How to Treat Your Personal Brand Like a Startup & Invest in Yourself

In 2018, I was inspired to create a pitch deck, but instead of creating it for a business, I created it for my personal brand: Kasia Manolas LLC.

My parents are my first true investors. For example, back in 2014, they paid my registration fee for a writing conference in Chicago. By 2016, I was carving out a portion of my paycheck to invest in my own business, so in a way, my next investors were my employers at the time.

I started asking myself: if I had investors what metrics would I report to them? How would I describe my brand to them and what I’m selling?

That’s when I created a pitch deck. If you’re not familiar with what a pitch deck is, it’s what startups take to various investors as they pitch their business and secure new investments. You can look up examples of tech pitch decks here.

If you’re a writer like me, you can also consider your literary agent and publisher an investor.

The process of creating a pitch deck helped me answer a lot of key questions about my personal brand and the value I can provide. Below I’ll share what’s inside of my personal brand pitch deck, so you can do the same.

Personal Brand Pitch Deck

I used Google Slides to create a presentation of my brand. Here’s what’s on each slide, so you can use this as an outline:

  1. Keywords to describe my brand
  2. Audience: graphics of who my audience is based on age, location, and gender (I used analytics from Instagram ads and Google Analytics)
  3. Brand colors with hex codes
  4. Brand fonts
  5. Competition (for me, these are comparative titles for books)
  6. Sales funnel (how do I acquire new readers from social media all the way down to how people will eventually be able to purchase on Amazon,, etc)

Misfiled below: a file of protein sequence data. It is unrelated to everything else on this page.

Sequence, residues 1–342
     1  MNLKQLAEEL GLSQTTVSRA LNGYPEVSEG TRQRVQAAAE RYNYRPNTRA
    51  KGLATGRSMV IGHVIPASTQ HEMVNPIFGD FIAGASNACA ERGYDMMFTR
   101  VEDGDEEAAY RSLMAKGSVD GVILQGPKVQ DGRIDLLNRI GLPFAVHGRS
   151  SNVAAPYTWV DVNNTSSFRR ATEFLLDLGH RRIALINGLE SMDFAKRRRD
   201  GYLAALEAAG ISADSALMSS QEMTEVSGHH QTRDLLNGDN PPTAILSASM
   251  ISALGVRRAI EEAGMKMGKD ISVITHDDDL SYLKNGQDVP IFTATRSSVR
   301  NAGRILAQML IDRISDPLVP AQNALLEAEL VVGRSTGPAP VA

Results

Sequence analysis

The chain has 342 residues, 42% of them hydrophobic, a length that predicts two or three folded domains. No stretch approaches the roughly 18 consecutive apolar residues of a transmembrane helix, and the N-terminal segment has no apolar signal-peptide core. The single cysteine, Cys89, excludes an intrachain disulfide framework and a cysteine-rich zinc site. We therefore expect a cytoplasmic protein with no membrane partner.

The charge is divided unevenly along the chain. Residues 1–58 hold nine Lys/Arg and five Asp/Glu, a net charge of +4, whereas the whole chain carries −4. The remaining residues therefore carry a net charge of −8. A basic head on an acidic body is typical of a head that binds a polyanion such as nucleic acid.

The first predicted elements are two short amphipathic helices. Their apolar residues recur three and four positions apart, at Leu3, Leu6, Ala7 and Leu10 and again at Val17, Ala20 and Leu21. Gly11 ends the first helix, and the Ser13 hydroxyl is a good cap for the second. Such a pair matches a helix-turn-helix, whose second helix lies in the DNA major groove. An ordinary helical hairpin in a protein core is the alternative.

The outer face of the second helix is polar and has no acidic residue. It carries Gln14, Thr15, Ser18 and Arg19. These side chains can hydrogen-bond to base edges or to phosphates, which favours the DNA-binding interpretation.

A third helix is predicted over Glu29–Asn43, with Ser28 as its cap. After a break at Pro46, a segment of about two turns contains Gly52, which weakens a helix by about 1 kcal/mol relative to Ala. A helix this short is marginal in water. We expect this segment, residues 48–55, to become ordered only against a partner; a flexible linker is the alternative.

7. Key performance indicators (KPIs)
  8. Site traffic
  9. Social media engagement
  10. Newsletter subscribers
  11. Domain authority
  12. Marketing channels & strategy
  13. Revenue channels
  14. Timeline of goals & work that’s getting done in the next year
  15. Timeline with vision for the more distant future
  16. How to contact me

No one is actually going to see this pitch deck, so while it’s pretty, I didn’t invest time into making it perfect. The goal is to create a vision for your brand, make key decisions, and begin to consider your brand an investment.

Here are some questions you’ll answer along the way…

Questions Your Pitch Deck Should Answer

  • What is the goal of your business and who is it helping?
  • What metrics matter to your business and why?
  • Are your metrics growing?
  • What efforts are you putting in place to continue growing your metrics over time?

How to Use Your Pitch Deck Moving Forward

Once you figure out which metrics matter and your strategy for how to grow them, the next step is recording metrics over time.

I have a Google Sheet called “Mission X” that I’ve been using for several years now. On the first of every month, I record my key metrics, such as followers, follower ratio, email subscribers, website traffic, domain authority, backlinks to my site.

Watching these metrics grow keeps me focused on growing my audience. It’s also important to keep in mind — that’s just half of the pie. The other half is building products (in my case, books) that my audience will one day want to read.

Next Steps

Creating a pitch deck for my personal brand was helpful for me, and it’s something I only thought of because I was immersed in a tech startup at the time. The idea of investing time in growing metrics made me curious about what metrics should matter for my brand. I was also constantly curious: what is my brand?

Personal brands are interesting because they’re innately tied to who we are. It’s a vulnerable process to create a personal brand and project it online. Will people care? Will my “brand” resonate with others? Does my brand provide value?

These questions come naturally to us. The real work comes from how you answer them, and if you’re consistent in following through every day.

I hope the process of creating a pitch deck for your personal brand is helpful for you — it certainly helped me.

Let me know if you have any questions in the comments below or reach out.

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Originally published at on April 4, 2020.




Writer & Entrepreneur

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Kasia Manolas

Kasia Manolas

Writer & Entrepreneur

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